Employers can be held legally responsible if their worker is negligent while working. This is called vicarious liability. Now that many employers provide cell phones to their workers, employers may face vicarious liability outside of the office. An employer needs to know their options for attempting to limit liability.
What Is Vicarious Liability?
Vicarious liability is the process of holding a person responsible for the actions of another individual. Often, the concept of vicarious liability applies to employer liability for the actions of their workers.
How Can an Injured Person Prove Vicarious Liability of an Employer?
Injured people that desire to hold employers responsible for the actions of their workers have to demonstrate three elements:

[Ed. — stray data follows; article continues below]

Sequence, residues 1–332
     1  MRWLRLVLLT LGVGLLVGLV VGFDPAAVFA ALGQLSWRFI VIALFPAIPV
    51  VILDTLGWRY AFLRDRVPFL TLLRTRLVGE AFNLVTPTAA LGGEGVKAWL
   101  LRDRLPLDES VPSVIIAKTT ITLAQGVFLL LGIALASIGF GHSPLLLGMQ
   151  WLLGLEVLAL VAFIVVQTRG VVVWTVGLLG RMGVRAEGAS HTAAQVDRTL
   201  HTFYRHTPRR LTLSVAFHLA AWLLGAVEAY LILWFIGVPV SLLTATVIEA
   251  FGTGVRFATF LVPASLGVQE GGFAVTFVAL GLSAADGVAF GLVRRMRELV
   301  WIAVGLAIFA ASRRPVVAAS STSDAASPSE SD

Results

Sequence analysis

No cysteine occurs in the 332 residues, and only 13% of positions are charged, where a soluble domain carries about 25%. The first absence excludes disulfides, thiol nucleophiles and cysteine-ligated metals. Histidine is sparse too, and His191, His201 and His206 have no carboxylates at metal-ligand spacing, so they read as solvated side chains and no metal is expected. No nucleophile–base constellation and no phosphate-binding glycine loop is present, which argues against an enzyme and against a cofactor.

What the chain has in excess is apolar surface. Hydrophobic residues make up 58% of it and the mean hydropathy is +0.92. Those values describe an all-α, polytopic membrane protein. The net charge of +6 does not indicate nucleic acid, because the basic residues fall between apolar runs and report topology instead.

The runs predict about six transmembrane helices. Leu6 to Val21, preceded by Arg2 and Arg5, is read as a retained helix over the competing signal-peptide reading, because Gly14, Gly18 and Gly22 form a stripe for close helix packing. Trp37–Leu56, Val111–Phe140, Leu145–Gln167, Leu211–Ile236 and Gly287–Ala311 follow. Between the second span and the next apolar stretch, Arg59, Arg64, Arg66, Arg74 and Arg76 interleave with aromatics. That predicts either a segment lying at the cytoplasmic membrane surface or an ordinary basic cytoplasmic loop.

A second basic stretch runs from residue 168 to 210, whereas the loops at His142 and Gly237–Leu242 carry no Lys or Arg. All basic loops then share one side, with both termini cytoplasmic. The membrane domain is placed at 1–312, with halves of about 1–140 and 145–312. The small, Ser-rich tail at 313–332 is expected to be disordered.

- The employee agreement required the employee to work under the direction and control of the employer.
- The employer had the inherent authority to control the worker.
- The worker’s actions are within the scope of employment.
The burden of proof rests on the individual desiring to hold an employer accountable. Thus, getting accurate records about the scope of employment is essential.
Are Employers Accountable for Unforeseeable Actions?
The rule of vicarious liability sometimes holds employers liable for their employees whose actions were unforeseen. These include:
- The employer had control over the employees during work hours: Because the employer had control over the actions of their workers, they should be held accountable.
- Employer benefits from the employee’s actions: The worker brings in profits for the employer. Thus, the employer should be accountable for any losses.
What Is Negligence?